TI EU advocates for reforms of the European Parliament as well as the European Commission oversight regimes by establishing an independent ethics body with sufficient resources and credible sanctioning mechanisms.
For further details on our work on conflicts of interest:
Conflicts of interest can also occur through revolving door cases of Members of Parliament, Commissioners or civil servants taking up new jobs in the private sector. Brussels has seen a number of high-profile revolving door cases in the last years, including ex-Commission President Jose Manuel Barroso’s move to Goldman Sachs in 2014. The high demand for policy insiders, particularly among lobby organisations, requires strong ethical safeguards against undue influence. The exchange of knowledge, experience, and personnel between the public and private sector can bring very positive results by providing a better understanding of how political decision-making works. However, the revolving door can also undermine trust in the EU, because of the potential for real or perceived conflicts of interest. It can reinforce the public perception that links between the EU institutions and big business are too close.
In early 2017, Transparency International EU (TI EU) published a report analysing 512 former EU Commissioners and MEPs and their after-office employment. We found that more than 50% of ex-Commissioners and 30% of ex-MEPs who have left politics were working for organisations on the EU lobby register. Our report showed that companies are employing former officials to gain access, influence and proximity to policy-making. While the Juncker Commission made advances in regulating the revolving door, the rules are still poorly enforced. As for the European Parliament, it still has no post-mandate employment rules for MEPs, creating serious ethical risks to the political integrity of the institution.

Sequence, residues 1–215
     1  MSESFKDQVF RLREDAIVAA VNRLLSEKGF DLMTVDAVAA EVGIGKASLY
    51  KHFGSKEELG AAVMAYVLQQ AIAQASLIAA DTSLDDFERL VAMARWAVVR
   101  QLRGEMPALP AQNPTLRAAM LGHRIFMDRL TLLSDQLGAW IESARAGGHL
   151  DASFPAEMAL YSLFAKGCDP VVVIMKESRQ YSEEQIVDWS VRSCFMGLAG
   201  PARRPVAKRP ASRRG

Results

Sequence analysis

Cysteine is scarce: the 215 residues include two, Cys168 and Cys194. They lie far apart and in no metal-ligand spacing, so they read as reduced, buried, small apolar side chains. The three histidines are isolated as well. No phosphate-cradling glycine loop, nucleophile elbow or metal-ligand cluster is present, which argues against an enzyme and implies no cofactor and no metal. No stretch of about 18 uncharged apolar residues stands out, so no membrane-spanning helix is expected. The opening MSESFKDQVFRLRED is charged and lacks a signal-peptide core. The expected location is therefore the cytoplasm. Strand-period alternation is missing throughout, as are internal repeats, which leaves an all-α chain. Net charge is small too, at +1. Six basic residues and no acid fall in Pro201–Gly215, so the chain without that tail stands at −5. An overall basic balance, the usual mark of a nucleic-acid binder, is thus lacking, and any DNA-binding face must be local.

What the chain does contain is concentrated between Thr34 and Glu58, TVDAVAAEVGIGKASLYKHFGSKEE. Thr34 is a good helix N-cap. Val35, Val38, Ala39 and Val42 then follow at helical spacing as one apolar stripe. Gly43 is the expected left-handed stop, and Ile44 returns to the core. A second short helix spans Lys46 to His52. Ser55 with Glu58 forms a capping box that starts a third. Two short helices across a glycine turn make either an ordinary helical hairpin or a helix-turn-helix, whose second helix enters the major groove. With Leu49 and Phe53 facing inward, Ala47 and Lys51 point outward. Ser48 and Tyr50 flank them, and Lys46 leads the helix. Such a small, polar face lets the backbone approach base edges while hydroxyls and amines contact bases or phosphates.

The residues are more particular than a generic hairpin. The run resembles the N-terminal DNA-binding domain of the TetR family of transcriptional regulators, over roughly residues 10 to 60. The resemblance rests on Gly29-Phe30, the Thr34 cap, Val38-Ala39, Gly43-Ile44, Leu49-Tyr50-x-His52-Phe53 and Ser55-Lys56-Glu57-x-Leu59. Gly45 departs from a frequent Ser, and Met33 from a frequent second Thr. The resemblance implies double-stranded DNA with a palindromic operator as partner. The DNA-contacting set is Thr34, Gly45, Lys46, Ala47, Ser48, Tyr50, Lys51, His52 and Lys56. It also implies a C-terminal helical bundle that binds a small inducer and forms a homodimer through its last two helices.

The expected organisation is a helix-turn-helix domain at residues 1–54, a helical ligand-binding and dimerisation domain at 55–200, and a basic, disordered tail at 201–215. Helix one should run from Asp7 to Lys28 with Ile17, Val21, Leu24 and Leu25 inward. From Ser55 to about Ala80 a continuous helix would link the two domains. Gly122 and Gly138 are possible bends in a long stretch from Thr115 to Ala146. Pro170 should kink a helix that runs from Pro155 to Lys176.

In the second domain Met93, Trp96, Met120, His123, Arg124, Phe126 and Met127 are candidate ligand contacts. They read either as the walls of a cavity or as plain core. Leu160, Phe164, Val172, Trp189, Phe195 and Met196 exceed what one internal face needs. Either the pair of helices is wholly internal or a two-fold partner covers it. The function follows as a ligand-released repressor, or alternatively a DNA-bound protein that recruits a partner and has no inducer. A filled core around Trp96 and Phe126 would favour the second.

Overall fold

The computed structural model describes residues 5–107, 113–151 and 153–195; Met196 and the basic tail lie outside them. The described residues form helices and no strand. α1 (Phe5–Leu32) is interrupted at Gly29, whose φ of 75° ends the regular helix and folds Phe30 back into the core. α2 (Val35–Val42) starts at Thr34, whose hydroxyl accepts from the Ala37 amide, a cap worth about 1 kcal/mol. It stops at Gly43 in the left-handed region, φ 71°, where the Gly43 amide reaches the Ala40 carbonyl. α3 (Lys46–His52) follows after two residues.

TI EU calls for stronger post-employment rules for the Commission and the Parliament. Longer cooling-off periods, tighter restrictions on lobbying of EU institutions, as well as a well-resourced oversight system.
For further details on our work on revolving doors:
– 2017 Report on the revolving door phenomenon
– Recommendations for the reform of the European Parliament Code of Conduct
– Recommendations for the reform of the European Commission Code of Conduct
– Online tool EU Integrity Watch tool tracking post-employment activities of former Commissioners and MEPs
The Council of the European Union is the EU institution that represents the interests of the Member States.
It is not only one of the most powerful institutional actors in the EU legislative process but also the most opaque institution in Brussels, publicly known as a ‘black box’. Council proceedings, therefore, have wider implications of the democratic legitimately of the decision-making process and necessitate a considerably higher degree of transparency and accountability than what is currently in place.
Whereas the European Parliament and the European Commission are already operating with greater transparency and accountability, it remains virtually impossible for citizens to understand how decisions are made in the Council. Finding out whether their national representatives were in favour or against a certain provision is almost impossible and stands in the way of meaningful participatory policy-making and being able to hold governments to account. Despite decisions by the European Court of Justice asking for greater transparency of Council decision-making, as well as calls by National Parliaments and civil society, the Council has been extremely reluctant to commit to any reforms and to implement concrete improvements to increase transparency and accountability.
TI EU calls for the Council to fully commit to best practices in transparency by publishing detailed negotiating positions of Members States, overhauling its access to documents policy, increasing transparency of the legislative process, and opening internal deliberations to the wider-public.
The euro crisis is far from over, and the European Commission has committed to putting forward proposals for the deepening of Economic and Monetary Union. It is crucial to ensure that this goes hand in hand with greater democratic legitimacy on the decisions that affect every euro in our pockets. Previous reforms have merely paid lip-service to transparency and accountability, confining the discussion of the real trade-offs to political haggling behind closed doors, rather than implementation of EU law.
If economic governance rules cannot be implemented, they should be changed. If economic institutions cannot govern in an open and accountable way, they should be reformed. This will remain a priority for the EU in general and the Eurozone in particular, including for Transparency International EU.
For further details on our work on EU economic governance: